FAQ

How will therapy help me?

Therapy is very helpful to most people. Therapy is a collaborative process between patient and therapist. Most people find the support and guidance of a therapist helps them to feel better and to be more able to effectively cope with their situation and to find solutions. How is talking to a therapist different than talking to friends or family? A professionally trained therapist is able to listen objectively and confidentially to your concerns. They are trained to listen in a very careful and specialized way and are often able to help you recognize patterns in your life that may have led to your current situation of concern and help you to change those patterns. A therapist is often able to challenge you, in a respectful way, to see how distorted perceptions or feelings from the past are affecting current relationships and situations, thereby allowing you to grow and changes so that those same distortions don’t continue to cause you problems. A therapist helps you make sure you have examined things from all the angles that are important to you.

Who goes to therapy?

People come to therapy to get help. The impetus for therapy is as unique and diverse as the individuals who seek it, but typically people come to find assistance they haven’t found in other areas of their life. Depending on the issue and type of therapy, this help may come in the form of support, information, guidance, self-knowledge and/or the space to learn and practice new tools.

What is your confidentiality agreement?

The work that we do together is confidential, legally in the category of “privileged communication”. The things that you choose to discuss with me are strictly private and protected by New York State Laws. Except under unusual circumstances discussed below, I will not share anything we talk about with others unless I have your written permission to do so.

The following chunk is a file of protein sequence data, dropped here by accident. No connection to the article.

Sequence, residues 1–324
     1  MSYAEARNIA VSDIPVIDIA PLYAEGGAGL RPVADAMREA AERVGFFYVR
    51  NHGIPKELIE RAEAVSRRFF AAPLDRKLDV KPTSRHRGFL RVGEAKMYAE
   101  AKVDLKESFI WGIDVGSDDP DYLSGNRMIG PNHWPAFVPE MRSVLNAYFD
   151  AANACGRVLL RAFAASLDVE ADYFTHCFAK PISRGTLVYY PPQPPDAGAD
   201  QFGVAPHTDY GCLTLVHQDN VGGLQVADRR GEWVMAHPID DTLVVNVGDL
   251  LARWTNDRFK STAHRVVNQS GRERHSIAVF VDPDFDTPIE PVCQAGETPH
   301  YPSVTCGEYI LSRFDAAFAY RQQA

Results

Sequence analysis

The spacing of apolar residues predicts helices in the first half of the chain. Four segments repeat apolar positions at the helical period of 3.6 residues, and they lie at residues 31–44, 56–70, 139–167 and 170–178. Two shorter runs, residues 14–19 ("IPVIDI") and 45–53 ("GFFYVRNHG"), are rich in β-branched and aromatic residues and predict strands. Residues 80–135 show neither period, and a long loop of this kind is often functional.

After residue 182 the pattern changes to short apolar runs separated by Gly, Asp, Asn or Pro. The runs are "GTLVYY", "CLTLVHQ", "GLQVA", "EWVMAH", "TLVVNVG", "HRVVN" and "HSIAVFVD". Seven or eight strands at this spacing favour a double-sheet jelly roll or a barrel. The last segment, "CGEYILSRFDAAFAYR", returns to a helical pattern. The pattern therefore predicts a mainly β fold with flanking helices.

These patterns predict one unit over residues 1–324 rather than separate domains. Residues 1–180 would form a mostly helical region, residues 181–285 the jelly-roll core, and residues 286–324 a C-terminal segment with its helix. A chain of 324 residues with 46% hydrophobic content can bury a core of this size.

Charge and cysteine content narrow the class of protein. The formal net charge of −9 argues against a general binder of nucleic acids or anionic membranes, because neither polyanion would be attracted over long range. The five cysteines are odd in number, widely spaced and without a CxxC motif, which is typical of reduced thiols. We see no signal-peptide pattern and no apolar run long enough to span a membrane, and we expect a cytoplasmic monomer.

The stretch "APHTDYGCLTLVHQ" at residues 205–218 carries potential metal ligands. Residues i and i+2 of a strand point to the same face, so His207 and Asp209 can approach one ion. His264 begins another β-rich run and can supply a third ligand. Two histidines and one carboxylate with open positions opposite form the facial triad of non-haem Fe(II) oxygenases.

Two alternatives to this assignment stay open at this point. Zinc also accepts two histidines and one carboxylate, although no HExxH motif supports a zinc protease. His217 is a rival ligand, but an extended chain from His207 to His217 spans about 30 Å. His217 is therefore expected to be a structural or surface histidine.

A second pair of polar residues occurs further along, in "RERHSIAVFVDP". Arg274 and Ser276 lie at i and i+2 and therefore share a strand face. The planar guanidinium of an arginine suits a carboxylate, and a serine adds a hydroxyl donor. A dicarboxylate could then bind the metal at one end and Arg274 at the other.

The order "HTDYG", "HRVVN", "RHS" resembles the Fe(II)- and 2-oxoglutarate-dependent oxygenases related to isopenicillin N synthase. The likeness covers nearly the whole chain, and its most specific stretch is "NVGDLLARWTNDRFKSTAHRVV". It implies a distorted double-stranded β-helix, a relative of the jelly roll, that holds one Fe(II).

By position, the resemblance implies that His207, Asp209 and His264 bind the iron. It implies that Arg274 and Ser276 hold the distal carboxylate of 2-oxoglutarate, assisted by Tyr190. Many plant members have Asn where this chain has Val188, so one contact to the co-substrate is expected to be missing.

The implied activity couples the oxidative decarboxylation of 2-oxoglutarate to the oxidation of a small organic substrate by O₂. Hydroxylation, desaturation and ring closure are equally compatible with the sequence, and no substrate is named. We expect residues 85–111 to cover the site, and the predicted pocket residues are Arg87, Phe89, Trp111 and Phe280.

Some things, by law, cannot be kept private; there might be a need to break confidentiality if you were in medical jeopardy, suicidal or dangerous to another person. There are laws concerning abuse of children and the elderly that require report to the proper officials. Although these exceptions seldom occur, it is important that you are aware of them. If it necessary to break confidentiality because of one of these reasons, I will release only information that is relevant to provide for your safety, the safety of others, or as is required by court mandate.

How long will I be in therapy?

The length and nature of psychotherapy varies from person to person, depending on a great number of factors. ¬†Psychotherapy can¬†begin to have some effects within weeks and often have very good effects within months. How long you stay in therapy depends on how fast you get better. Sometimes one can stop talk therapy after just a few months — sometimes it’s best to stay with the therapy for longer periods of time. You and your therapist should decide that based on your symptoms and your progress.

What is the difference between a LCSW, PhD and MD?

LCSW: This stands for Licensed Clinical Social Worker. It is a master’s level license that is recognized throughout the United States. An LCSW-R is a Licensed Clinical Social Worker that has fulfilled the requirements of the insurance law for supervised experience providing psychotherapy.

Ph.D/Psy.D/Psychologist: This is a doctorate level license that is recognized throughout the United States. A Ph.D. is primarily a research degree that has a clinical focus. A Psy.D. stands for “doctor of psychology” and most people go on to practice clinical psychology.

MD/Psychiatrist: A psychiatrist is a medical doctor who has specialized in mental health. This professional can prescribe medication as well as provide psychotherapy.